A reason to climb

I have one year to go until I set foot on Mount Everest once more. I remember in 2013 heading down below the death zone at 7,500 metres and thinking – never again! The journey was so tough, physically and mentally with twists and turns at any given time. I was completely exhausted on my return and was more than happy to plan polar expeditions rather than focus on heading into altitude at that level again.

What ever journey I set out to do I need a reason to explore – if I am going to put myself into situations of stress then the reason needs to be solid. Mount Everest hasn’t really got any technical climbing routes on it so it allows for people like myself, who are not professional mountaineers to attempt it.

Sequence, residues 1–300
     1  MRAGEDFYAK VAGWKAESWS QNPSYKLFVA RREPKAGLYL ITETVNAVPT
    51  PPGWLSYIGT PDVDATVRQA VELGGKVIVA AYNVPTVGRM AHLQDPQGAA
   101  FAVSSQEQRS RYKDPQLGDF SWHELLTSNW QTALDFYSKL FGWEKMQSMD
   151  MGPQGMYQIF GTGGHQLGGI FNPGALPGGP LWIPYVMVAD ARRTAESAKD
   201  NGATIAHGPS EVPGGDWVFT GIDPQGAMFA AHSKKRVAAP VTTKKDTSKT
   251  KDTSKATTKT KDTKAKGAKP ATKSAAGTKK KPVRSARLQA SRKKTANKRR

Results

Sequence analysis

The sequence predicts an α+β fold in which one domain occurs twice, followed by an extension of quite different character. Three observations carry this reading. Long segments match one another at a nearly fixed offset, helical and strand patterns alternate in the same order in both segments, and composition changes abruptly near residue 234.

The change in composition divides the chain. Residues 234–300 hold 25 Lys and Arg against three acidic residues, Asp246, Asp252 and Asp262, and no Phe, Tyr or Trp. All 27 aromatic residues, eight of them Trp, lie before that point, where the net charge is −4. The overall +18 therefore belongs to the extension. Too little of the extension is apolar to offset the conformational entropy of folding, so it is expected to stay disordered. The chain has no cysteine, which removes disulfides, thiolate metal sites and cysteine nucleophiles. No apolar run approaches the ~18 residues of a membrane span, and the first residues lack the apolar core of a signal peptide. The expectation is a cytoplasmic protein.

Polar exploration is my passion and where I feel comfortable – which means that I like skiing at sea level where the oxygen is pure – I feel uneasy on high mountains like I’m not really in control.

In 1953 the Everest summit route had been established by people such as Tenzing Norway and Sir Edmund Hillary. At that time high altitude climbing appealed only to a certain breed of person.  However, due to the pioneers of the late seventies, early eighties a system was developed to allow people like myself to attempt mountains such as Everest. Continue reading “A reason to climb”